Welcome to the seminar series on the topic of Biomedical Engineering!

This seminar series is brought to you by the Division of Biomedical Engineering, Dept. Materials Science and Engineering and MedTech Science & Innovation Centre, with the aim of bringing together people at UU and beyond with an interest in biomedical engineering and to share news on the research that is going on across the university in this area.

The seminars will run during lunch time on the second Thursday of every month during term time and all are welcome to attend, in physical or digital format. A lunch sandwich will be served for those that attend in person. You can find more information about the individual seminars below.

Upcoming seminar: 14 December 2023

Speaker: Assistant Professor Alina Sekretareva, Department of Chemistry, Uppsala University

Title: Single-Entity Bioelectrochemistry: From Fundamental Studies of Biomolecules to Ultrasensitive Biosensors

Abstract: Interfacing biological catalytic entities, such as whole cells or enzymes, with electrodes, has diverse applications encompassing fundamental studies of these entities, power generation, bioremediation, chemical synthesis, and biosensing. The operation of bioelectrocatalytic systems relies on electron transfer phenomena within protein molecules, either isolated or within cells, as well as between proteins and electronics. However, traditional ensemble averaging methods used to study electron transfer and catalytic properties of biomolecules often mask heterogeneity and dynamics of individual molecules. Understanding these dynamics is crucial, especially within living cells where only a few biomolecules may be present.

In this talk, I will discuss our recent progress in investigating biological electron transfer reactions at the single-entity level, ranging from bacterial cells to single redox proteins, utilizing the recently emerged technique of nano-impact single-entity electrochemistry. Additionally, I will elucidate how this methodology can provide unparalleled analytical resolution for biosensing, enabling calibration-free counting of single biomolecules, in conjunction with all-electrical signal transduction.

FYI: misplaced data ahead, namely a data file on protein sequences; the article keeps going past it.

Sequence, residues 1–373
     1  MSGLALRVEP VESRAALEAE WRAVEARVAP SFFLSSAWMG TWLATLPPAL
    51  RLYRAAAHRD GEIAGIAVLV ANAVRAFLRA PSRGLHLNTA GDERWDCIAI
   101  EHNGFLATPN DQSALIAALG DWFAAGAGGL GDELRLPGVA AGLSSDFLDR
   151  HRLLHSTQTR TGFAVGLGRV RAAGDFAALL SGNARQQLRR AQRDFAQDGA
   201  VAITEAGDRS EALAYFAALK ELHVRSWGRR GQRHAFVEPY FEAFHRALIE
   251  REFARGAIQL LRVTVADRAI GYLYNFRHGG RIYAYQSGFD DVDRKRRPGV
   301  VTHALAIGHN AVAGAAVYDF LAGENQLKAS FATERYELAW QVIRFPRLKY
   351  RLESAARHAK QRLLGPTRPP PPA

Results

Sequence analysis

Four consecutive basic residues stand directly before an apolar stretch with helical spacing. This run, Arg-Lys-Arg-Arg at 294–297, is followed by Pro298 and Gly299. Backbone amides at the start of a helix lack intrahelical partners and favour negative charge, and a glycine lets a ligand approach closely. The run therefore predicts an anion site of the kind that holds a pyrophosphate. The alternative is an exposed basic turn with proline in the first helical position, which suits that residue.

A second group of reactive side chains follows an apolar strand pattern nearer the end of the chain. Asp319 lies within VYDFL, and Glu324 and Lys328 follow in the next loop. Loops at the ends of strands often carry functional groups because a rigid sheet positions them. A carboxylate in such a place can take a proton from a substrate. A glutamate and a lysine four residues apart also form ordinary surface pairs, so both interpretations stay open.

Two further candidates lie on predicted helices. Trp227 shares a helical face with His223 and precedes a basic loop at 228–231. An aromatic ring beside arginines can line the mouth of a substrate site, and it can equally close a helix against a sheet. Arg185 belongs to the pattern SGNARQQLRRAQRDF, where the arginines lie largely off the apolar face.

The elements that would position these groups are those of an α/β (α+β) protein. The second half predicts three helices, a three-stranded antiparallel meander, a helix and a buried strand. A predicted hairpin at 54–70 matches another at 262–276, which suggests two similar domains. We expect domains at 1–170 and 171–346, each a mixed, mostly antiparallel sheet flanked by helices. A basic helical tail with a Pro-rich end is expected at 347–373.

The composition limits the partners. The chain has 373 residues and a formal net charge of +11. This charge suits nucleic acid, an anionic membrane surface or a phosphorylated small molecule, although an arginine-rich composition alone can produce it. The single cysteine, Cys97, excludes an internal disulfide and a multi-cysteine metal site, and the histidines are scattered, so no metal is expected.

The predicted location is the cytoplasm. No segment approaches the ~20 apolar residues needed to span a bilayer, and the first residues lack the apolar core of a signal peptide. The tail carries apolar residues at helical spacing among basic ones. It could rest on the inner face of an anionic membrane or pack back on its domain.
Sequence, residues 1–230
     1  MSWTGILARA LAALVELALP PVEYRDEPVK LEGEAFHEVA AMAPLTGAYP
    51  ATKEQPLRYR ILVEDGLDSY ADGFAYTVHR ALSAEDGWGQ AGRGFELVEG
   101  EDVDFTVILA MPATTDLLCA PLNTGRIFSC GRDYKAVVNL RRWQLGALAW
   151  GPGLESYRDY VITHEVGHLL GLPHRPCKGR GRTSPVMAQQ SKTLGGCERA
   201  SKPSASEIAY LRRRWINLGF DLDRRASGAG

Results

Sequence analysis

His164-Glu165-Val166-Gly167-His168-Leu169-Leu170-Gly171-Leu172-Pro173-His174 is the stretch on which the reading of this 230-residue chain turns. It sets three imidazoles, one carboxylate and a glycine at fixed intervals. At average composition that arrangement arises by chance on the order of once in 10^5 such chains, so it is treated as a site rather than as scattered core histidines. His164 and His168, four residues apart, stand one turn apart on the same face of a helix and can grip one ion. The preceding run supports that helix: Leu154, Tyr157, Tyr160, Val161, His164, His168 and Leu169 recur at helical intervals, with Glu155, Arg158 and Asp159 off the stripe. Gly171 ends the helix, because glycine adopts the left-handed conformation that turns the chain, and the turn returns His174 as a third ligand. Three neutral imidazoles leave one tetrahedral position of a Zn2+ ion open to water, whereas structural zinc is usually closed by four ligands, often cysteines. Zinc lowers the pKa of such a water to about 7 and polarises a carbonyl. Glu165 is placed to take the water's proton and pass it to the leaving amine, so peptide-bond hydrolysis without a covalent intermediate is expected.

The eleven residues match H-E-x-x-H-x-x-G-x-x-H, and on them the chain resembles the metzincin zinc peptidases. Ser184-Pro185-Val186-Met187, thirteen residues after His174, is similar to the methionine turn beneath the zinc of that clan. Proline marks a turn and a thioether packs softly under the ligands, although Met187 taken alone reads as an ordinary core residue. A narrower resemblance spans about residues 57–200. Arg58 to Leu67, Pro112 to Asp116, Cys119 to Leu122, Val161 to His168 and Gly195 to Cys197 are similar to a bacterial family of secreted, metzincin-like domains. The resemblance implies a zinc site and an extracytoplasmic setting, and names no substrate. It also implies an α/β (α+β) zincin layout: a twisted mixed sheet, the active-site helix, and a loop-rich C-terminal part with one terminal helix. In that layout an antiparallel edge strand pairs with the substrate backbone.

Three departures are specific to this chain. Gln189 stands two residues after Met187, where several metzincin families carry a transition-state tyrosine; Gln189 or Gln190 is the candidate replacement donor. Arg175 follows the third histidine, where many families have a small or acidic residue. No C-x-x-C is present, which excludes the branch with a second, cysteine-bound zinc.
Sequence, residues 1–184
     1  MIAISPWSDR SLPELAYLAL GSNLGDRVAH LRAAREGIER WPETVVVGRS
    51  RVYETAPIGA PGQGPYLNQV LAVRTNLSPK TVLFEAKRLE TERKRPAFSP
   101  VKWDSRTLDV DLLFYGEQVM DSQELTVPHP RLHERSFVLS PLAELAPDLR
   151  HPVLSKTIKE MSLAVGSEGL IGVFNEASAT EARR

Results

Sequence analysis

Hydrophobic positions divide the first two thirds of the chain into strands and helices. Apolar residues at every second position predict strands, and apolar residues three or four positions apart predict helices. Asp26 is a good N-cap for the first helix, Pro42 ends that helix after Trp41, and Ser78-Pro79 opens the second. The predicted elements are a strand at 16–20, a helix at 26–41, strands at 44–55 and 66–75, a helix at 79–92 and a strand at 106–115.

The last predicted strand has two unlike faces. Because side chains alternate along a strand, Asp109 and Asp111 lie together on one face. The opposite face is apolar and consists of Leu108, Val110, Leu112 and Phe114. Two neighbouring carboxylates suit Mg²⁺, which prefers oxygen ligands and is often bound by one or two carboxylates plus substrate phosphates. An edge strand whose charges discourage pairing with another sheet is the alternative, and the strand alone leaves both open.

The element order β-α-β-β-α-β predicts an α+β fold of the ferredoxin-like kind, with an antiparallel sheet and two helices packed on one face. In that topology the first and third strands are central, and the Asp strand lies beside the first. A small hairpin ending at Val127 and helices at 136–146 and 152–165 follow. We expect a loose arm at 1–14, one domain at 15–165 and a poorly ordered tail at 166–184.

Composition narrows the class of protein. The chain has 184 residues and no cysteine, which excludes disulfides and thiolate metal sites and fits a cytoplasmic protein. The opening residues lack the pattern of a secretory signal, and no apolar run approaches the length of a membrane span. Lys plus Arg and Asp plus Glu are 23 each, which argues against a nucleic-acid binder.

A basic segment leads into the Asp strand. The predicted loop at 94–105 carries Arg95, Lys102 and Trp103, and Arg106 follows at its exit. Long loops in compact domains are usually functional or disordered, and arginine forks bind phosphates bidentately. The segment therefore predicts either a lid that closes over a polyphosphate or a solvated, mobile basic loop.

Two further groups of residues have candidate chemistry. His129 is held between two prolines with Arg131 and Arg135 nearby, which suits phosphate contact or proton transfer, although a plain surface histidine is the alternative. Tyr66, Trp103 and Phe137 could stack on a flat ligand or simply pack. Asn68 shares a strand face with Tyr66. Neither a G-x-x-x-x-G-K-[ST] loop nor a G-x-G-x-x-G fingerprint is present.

Bio: Alina Sekretareva is an Assistant Professor at the Department of Chemistry-Ångström at Uppsala University. She received her MSc degree in Chemistry from Moscow State University and PhD in Applied Physics from Linköping University. After two years of postdoctoral research with Prof. Edward Solomon at Stanford University, she joined Uppsala University. Her research focuses on developing techniques to study electron transfer processes in biology at the molecular level and applying these techniques to design (bio)electrocatalytic devices.

Previous seminar: 9 November 2023

Speaker: Prof. Robin Augustine, Head of The Microwaves in Medical Engineering Group, Solid State Electronics Division, Department of Electrical Engineering, Uppsala University, Sweden

Title: Fat – Intra Body Communication: A new paradigm for intra-body communication technology enabling reinstatement of lost functionalities in human 

Abstract: Intra body communication has been researched quite extensively for past couple of decades to serve the needs in real time monitoring, drug delivery, sensing for pre-emptive measures and to provide better quality of living to the population. The applications are not just limited to health care but also span the areas of recreation, sports and information technology. A handful of intra body, more specifically human body centric (HBC) communication modalities have been developed so far namely galvanic, capacitive and inductive methods. Human body or part is used as a communication channel in these technologies. Though they offer the possibility to connect devices and transfer data wirelessly from one part of the body to the other they suffer from one common drawback which is the low bandwidth hence lower data rates. Radio frequency communication has been regarded until recently as an improbable candidate for extensive HBC applications.